“Sometimes I have to remind myself that Palm Drive is beautiful,” my friend said to me the other day, when we were talking about the infamous “winter quarter blues.” This, in one sentence, encapsulated the mood that I had been stuck in for the past few weeks.
This, in one sentence, also holds the cure to the “winter quarter blues” that I think many of us have been feeling lately.
The “winter quarter blues” refer to the dreariness that many Stanford students feel during winter quarter. It is a dreariness that results from a combination of things — the excitement of a new school year has died down; many of us went home over winter break (which may have served as a reminder of the comfort of family and deliciousness of home-cooked meals that we lack at school); there’s often more schoolwork to do with the trend of taking more units winter quarter; and the weather is usually cold and rainy (Okay, that hasn’t really been the case this year, but still).
As an eager, enthusiastic (perhaps naive) freshman in the fall, I could not imagine feeling dreary on campus – I was immensely blessed to have gotten into Stanford, and I was surrounded by beautiful palm trees and even more beautiful people. Each archway of Main Quad, each square inch of Green Library seemed special to me, and I could never imagine not being thankful to be here.
What I discovered, however, is how quickly human beings get used to their surroundings. Already, by winter quarter of freshman year, Stanford has become my norm — I’ve become used to it, spoiled by it. I grumbled all day on the few rainy days we had, complaining about the inconvenience of going to section — was I really learning anything in section anyway? I cried because I missed my family and high school friends. Day after day, I went past the beautiful Spanish-style architecture of my dorm complex, the massive mural painted on Memorial Church and the impressive archways of Main Quad, and I felt absolutely nothing.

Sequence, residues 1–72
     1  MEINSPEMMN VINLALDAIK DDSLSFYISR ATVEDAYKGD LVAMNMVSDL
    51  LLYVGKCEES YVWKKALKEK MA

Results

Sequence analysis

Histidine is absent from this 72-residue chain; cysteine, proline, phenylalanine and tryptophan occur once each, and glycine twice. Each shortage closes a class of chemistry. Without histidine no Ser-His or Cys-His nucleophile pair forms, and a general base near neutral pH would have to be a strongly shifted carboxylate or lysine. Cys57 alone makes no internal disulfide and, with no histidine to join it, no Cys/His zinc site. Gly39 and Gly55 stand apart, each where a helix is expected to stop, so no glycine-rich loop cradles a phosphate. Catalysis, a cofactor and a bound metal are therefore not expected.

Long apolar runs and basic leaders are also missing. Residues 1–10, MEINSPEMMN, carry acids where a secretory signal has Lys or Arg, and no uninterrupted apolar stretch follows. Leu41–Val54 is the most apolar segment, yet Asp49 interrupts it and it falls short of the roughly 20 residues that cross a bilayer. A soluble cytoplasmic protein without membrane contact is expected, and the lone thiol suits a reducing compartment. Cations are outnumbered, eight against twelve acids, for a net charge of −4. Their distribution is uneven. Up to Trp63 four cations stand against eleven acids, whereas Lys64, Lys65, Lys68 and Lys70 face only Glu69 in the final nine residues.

Why wasn’t I giddy with excitement anymore? Why wasn’t I overfilled with thankfulness to be here? I was literally at one of the greatest academic institutions in the world, surrounded by some of the greatest friends and mentors in the world. Why wasn’t I completely overjoyed at all times?
After wallowing in guilt for not being super excited to be here, I snapped myself out of it. First of all, it was just a fact: I’d become used to and spoiled by Stanford, and feeling sad or guilty about it wouldn’t change anything. And second, no one should ever feel guilty for being sad, or for being happy, for that matter.
Instead, I have been practicing gratitude. And yes, it is something you need to practice, like soccer or the violin. When I see a tourist on campus, I remind myself that I go to a school that is literally a tourist destination, and I practice gratitude. When I stay up late to work on an assignment that has taken me an insane number of hours, I remind myself that I’m taking a class that I find interesting and important enough to devote an insane number of hours to, and I practice gratitude. When I’m going down Palm Drive with my friends to get dinner on University Ave, I remind myself that it’s beautiful, and I am grateful.
Contact Angie Lee at angielee ‘at’ stanford.edu.